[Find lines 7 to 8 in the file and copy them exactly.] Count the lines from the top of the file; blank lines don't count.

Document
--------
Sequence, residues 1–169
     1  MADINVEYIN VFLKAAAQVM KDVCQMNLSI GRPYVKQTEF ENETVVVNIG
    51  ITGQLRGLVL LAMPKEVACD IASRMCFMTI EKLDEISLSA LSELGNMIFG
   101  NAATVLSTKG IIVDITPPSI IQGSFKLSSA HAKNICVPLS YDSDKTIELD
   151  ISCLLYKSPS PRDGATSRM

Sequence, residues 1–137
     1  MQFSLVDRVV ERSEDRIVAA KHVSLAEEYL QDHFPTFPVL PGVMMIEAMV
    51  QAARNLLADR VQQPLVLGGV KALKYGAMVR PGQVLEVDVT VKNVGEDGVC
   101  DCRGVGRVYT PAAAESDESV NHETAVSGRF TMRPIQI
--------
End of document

     1  MQFSLVDRVV ERSEDRIVAA KHVSLAEEYL QDHFPTFPVL PGVMMIEAMV
    51  QAARNLLADR VQQPLVLGGV KALKYGAMVR PGQVLEVDVT VKNVGEDGVC